A baked potato can be eaten with its skin, which is high in fiber and is considered a healthy option.
You shouldn't rely solely on potatoes as a vegetable source due to their unique nutrient profile and composition (it has more starch than leafy greens, for example).
A medium, unsalted, baked potato without skin contains 160 calories. It is also naturally low in fat and cholesterol, contrary to the popular belief that potatoes are unhealthy. Because potatoes have approximately 4 grams of fiber and 4g of protein, we feel full.
Studies show that pasta is better at suppressing hunger than potatoes.
Potatoes are a great source of potassium and vitamin B6 as well as vitamin C and iron. Potassium, an important mineral that can counteract the effects of sodium on blood pressure, is found in medium potatoes. It contains around 20% of the daily potassium value.
In overweight hypertension patients, six to eight small purple potatoes rich with antioxidants twice daily did nothing to cause weight gain. It also helped to lower blood pressure and reduce the risk of stroke and heart disease.
Although the nutrients and types of different potato varieties (Russet, white, or red) may vary slightly, they are not all significantly different. Sweet potatoes are an exception to this rule. They are rich in beta-carotene which our bodies convert into vitamin B. This antioxidant is essential for healthy skin and eyes..
Stop For Potatoes
French fries and hashbrowns are high in calories, fat, sodium, and carbohydrate because they're fried in lots of oil.
You can achieve similar results by dressing potatoes with high-calorie items. You can make a side dish high in calories by adding butter, sour cream, or mayonnaise.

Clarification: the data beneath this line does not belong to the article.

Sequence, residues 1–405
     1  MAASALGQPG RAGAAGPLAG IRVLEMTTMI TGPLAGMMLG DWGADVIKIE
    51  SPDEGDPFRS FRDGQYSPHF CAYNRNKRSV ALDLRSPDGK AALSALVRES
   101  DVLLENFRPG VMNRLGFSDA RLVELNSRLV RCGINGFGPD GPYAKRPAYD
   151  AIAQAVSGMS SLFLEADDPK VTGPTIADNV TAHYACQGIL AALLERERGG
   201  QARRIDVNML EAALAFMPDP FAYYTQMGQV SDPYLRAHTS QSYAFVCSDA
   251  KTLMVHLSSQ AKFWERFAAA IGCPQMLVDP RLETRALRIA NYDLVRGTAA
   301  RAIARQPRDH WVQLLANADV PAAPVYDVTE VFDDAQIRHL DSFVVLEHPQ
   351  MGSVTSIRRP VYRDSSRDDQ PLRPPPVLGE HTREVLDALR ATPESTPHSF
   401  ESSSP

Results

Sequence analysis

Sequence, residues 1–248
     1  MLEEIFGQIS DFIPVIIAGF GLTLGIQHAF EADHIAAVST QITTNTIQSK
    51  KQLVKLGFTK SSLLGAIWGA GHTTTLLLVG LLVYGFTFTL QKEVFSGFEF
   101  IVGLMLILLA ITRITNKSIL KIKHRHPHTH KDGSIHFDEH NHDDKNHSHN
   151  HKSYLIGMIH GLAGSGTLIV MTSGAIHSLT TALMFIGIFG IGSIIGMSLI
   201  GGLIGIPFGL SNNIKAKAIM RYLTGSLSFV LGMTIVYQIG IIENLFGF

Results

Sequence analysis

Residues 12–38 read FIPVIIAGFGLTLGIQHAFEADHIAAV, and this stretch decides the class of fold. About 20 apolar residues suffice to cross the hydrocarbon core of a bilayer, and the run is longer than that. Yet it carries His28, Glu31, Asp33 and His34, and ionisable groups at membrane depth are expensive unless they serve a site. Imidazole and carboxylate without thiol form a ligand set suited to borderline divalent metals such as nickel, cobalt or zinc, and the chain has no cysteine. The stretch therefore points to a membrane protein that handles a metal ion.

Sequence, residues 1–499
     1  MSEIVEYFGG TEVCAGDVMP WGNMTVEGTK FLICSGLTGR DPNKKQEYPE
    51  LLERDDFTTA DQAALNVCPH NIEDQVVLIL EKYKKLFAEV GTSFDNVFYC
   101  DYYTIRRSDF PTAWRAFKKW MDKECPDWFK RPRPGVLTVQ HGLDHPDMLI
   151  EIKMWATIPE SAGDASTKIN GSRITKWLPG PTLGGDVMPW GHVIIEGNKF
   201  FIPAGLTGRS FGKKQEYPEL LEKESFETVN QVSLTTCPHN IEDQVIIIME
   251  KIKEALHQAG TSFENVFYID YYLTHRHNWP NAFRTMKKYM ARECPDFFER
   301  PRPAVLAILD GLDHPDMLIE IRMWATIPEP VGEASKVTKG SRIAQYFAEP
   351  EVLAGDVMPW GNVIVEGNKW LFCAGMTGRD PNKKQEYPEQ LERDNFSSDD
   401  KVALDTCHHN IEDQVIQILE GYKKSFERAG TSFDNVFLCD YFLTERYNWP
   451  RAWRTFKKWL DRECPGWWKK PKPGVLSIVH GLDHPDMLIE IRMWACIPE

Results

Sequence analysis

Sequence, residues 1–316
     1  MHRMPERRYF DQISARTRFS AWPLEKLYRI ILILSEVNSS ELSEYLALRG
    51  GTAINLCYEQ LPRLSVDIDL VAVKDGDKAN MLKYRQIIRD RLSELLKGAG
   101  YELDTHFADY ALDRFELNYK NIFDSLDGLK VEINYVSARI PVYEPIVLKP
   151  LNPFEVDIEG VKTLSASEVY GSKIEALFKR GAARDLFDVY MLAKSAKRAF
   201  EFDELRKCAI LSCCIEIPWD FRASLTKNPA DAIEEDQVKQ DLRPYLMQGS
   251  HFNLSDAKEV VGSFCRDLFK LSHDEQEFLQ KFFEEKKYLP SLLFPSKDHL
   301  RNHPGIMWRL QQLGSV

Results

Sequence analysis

Yes, potatoes have a high glycemic (GI) which means they raise blood sugar more than non-starchy vegetables and beans (which have lower GIs). However, the glycemic score is only one aspect of a food's nutritional content.
A recent study also found that GI values can be subject to significant individual variability. This limits their utility in guiding food choices.
One study that looked at large numbers of women found that consumption of potato products such as French fries was linked to an increase in type 2 diabetes risk.
Obese and inactive females are more likely to be insulin resistant. This may increase the metabolic adverse effects of higher-glycemic carbohydrates.
Another study showed that hypertension was more common in women who consumed four or more potatoes per week than those who ate one to three potatoes per month. The same effect was seen in men and women who ate French fries, which increased their risk.
The same study found that men who ate the same number of potato chips had a lower chance of developing prostate cancer.
What's the bottom line? Potatoes can be healthy as long as you are careful about how much you eat and what method of cooking you use.
You shouldn't eat only white vegetables, such as potatoes. All vegetables are not healthy.